Even as we move into a post-pandemic world, does your work seem like an endless cycle of meetings, updates and reports?
You’re not alone. In a world where knowledge workers are expected to be on-call 24/7, it’s more important than ever to create personal and professional distinction by finding ways to increase the value you provide at work.
Here are five ideas that have helped me in my career:
1) Become indispensable: think strategically about how your unique skills can help your company reach its goals. Share your thoughts with your team and ask them to do the same. Or, if you’re an entrepreneur, make a list of those skills and evaluate how you can accentuate them to enhance your marketplace distinction.
2) Be proactive — volunteer for projects. A large degree of my reputation in my industry was established because of my ongoing willingness to volunteer for positions within our trade association. It didn’t put money in my pocket right away. However, it was an important step to establish my seriousness about my craft among my peers — and put me in touch with leading figures in my industry who became supporters and a terrific base for referrals. You can do the same!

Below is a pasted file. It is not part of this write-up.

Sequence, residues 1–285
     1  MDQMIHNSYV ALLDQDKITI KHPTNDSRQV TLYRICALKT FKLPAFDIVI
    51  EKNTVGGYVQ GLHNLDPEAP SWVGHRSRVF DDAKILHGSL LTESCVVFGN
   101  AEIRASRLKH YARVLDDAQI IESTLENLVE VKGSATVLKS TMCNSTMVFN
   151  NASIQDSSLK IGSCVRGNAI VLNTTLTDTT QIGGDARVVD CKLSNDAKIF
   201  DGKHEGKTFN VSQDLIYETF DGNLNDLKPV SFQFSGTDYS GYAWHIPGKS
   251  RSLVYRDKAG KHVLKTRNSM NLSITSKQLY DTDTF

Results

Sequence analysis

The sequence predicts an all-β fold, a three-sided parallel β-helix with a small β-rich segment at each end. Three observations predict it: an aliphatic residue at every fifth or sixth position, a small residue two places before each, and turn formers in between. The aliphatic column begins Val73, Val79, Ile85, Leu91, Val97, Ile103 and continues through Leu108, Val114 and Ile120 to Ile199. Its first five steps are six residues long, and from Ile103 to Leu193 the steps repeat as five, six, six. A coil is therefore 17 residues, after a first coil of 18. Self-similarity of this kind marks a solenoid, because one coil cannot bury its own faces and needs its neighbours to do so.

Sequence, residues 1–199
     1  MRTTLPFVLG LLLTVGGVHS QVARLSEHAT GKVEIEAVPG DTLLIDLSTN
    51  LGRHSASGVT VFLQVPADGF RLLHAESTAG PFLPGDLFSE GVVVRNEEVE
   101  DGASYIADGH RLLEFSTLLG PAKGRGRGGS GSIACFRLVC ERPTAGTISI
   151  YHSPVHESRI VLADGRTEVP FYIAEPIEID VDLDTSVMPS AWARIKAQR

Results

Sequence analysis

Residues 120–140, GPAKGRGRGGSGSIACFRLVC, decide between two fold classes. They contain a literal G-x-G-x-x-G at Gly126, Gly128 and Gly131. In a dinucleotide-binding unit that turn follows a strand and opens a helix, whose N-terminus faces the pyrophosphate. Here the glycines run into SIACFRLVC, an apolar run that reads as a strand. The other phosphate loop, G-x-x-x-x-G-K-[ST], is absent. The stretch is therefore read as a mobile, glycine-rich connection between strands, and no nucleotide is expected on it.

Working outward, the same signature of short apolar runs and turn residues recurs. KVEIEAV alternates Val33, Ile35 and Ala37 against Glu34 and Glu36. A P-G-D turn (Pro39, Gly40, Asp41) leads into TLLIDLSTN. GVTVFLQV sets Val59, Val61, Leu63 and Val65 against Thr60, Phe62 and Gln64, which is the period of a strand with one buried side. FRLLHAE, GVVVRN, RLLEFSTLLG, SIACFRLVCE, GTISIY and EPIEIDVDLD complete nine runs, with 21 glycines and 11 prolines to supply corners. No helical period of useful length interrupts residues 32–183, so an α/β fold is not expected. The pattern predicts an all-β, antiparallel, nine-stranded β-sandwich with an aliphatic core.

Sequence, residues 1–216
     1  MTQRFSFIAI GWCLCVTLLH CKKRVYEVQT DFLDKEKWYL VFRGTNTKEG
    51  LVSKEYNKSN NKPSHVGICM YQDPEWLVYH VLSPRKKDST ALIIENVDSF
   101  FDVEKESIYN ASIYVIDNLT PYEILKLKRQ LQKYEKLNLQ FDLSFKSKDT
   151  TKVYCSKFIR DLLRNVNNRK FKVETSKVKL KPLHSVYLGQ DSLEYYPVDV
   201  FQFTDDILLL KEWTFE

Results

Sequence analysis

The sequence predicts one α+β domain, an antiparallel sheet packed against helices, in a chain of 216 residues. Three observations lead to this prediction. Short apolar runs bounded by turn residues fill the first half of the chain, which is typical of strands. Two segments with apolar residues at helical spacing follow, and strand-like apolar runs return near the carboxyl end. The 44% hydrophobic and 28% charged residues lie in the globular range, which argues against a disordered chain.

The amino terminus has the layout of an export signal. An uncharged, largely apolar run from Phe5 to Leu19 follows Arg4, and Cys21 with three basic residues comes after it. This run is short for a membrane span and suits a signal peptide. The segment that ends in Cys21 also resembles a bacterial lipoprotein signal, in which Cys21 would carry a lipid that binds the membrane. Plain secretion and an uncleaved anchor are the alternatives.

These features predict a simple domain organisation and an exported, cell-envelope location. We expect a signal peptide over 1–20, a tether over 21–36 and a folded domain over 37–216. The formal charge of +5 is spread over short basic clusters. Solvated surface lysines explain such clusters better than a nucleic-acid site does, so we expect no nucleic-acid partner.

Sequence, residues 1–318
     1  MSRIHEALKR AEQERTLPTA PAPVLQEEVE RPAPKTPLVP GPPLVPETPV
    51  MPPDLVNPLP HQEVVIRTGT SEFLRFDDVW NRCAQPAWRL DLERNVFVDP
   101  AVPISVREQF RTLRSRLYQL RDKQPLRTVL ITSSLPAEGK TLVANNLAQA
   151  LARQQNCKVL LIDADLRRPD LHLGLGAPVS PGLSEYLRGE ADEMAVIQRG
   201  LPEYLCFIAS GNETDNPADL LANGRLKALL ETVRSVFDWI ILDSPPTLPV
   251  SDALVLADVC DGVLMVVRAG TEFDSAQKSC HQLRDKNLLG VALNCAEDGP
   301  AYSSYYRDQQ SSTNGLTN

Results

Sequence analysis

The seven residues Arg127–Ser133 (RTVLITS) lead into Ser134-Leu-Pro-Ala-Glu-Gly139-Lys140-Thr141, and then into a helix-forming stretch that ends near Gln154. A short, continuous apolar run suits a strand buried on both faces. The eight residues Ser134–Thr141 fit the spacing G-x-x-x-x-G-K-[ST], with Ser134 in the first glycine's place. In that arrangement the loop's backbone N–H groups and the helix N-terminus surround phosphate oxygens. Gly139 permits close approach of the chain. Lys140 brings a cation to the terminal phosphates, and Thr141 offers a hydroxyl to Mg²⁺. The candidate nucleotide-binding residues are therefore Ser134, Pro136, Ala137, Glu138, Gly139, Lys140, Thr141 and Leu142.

3) Get comfortable with discomfort — push yourself out of your comfort zone. One way to do this is by taking on challenging tasks or participating in activities that require self-reflection. No matter your age or position, you will have to embrace change and leverage it to your advantage. When you get comfortable with discomfort, you’ll find change much easier to live with — and you will become more proficient at discovering the opportunities inherent with all evolving marketplaces and businesses.
4. Show up early, stay late, and work hard on weekends too — it’s worth it!You didn’t want to hear that one, did you? I’m NOT suggesting that you become a “workaholic.” However, all iconic professionals put in the time. Yes, you should seek home/life balance. But I do not know any highly successful individuals who work short hours. As Dwayne “The Rock” Johnson has long said, “Today I will do what others won’tso that tomorrow I can do what others can’t.” Most people won’t work hard enough to discover the enriching benefits of personal and professional success.